Notes to John Locke
1. The scope of the activities engaged in by members of the Royal Society was much broader than what we recognize as modern science. The very idea of science was emerging during this period. Thus, only a minority of the early members were what we would call scientists. Similar societies were being founded in other European countries during this period. The Society still exists today and is one of the pillars of the orthodox scientific establishment in England. To be a member of it today implies that one has made a substantial contribution to experimental or theoretical science and membership thus confers the highest prestige. For more information about the Royal Society, one might consult Chapter 5 in Woolhouse 1988. It is also worth noting that Locke did not regularly attend meetings of the Society. He seems to have preferred small groups meeting in his rooms.
2. This controversy is of some interest for a variety of reasons. The constitution, for example, has quite liberal views concerning the formation of churches. Consider provision CIX for example. It reads: “No person whatsoever shall disturb, molest, or persecute another for his speculative opinions in religion, or his way of worship”. Was Locke responsible for this provision? On the other hand, Sir Leslie Stephan charged Locke with personal racism for inserting section CX: “Every freeman of Carolina shall have absolute power and authority over his negro slaves, of what opinion or religion soever”. There is some evidence to suggest that Locke did play a part in formulating the sections on religion—though it is possible this may have been at the bidding of Lord Ashley. Either Lord Ashley or Sir John Colleton are much more likely candidates for the authorship of the sentence about Negro slaves. Colleton, the real originator of the Carolinas project and one of the proprietors, was a Barbados planter who owned slaves. Part of the plan for the Carolinas was that people were going to emigrate from the over-crowded Barbados taking their slaves with them. They might well worry about whether this move might endanger the power they held over their slaves. It would be natural for Colleton or Shaftesbury to propose such a clause to allay their fears. The language of this clause gives slave owners the same powers over their slaves that the proprietors of the Carolinas had over the colonists. Thus the inclusion of this clause may well say little or nothing about Locke’s personal views. On the other hand, David Armitage has shown that Locke was involved over the years in amending the Fundamental Constitutions of the Carolinas right up to the time at which he was writing the Two Treatises of Government, and while many articles of the Constitutions were removed at various times, this was not the case with the clause about negro slavery. Armitage implies that this shows not only that Locke agreed with the clause about negro slavery in the Fundamental Constitutions but that we should interpret the Second Treatise account of slavery as intended to justify the institutions and practices of Afro-American slavery. The information is surely interesting, though the inferences he draws from them are dubious.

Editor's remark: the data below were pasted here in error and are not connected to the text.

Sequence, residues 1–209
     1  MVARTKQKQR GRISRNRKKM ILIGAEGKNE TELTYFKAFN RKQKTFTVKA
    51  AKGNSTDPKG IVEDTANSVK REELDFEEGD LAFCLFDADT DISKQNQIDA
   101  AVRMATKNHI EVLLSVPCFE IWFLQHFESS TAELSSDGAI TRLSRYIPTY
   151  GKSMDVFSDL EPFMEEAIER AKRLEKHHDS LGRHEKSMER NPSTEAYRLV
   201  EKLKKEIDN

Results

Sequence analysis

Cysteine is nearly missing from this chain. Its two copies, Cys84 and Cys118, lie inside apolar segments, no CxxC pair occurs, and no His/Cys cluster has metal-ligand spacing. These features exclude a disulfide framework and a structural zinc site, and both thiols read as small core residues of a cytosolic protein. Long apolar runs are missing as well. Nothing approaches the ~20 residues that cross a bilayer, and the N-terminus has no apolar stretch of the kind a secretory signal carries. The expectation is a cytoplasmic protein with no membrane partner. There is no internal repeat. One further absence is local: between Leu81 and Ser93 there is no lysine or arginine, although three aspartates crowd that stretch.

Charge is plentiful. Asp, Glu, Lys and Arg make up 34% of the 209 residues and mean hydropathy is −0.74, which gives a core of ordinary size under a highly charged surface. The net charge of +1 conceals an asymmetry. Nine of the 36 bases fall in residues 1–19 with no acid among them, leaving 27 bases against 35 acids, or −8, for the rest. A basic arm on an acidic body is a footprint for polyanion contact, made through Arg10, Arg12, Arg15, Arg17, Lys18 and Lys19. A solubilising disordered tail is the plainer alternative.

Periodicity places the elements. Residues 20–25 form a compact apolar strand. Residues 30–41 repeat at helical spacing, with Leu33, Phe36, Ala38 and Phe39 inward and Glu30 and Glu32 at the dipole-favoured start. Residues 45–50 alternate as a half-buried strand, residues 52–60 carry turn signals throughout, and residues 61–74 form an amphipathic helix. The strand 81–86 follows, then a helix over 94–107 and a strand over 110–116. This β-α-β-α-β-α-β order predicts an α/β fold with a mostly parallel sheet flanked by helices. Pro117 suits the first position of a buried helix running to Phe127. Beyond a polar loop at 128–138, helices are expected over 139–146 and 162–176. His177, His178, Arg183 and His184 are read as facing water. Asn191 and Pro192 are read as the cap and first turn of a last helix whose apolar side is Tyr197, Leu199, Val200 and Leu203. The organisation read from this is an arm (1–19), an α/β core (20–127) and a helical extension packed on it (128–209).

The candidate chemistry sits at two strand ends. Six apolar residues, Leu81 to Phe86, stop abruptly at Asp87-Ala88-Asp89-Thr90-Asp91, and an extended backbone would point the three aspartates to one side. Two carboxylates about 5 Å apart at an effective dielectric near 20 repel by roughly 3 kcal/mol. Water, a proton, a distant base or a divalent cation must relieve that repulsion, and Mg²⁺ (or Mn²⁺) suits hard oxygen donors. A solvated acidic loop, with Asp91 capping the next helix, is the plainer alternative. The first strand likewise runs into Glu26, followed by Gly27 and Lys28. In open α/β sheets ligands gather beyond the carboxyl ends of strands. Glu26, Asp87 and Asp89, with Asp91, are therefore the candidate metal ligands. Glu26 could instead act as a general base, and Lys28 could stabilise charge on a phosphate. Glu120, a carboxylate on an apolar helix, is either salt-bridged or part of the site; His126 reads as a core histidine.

3. For an account of why Locke may have left England that does not involve the Rye House plot see Axtell 1968: 3.
4. Some commentators distinguish between the corpuscular and the atomic hypotheses on the grounds that corpuscles may be only relatively simple while atoms are supposed to be genuinely indivisible (see Jolley 1999). Thus it is possible to be committed to the existence of corpuscles but not atoms. While this distinction has its uses (especially in taking about the simplicity of simple ideas) I am convinced that in respect to physical corpuscles or atoms that Locke treats the two hypotheses as equivalent. One would expect that if the distinction were important for Locke, if he did believe in the existence of corpuscles but not atoms, he would not regularly use the terms ‘atom’ or ‘atoms’, but he does.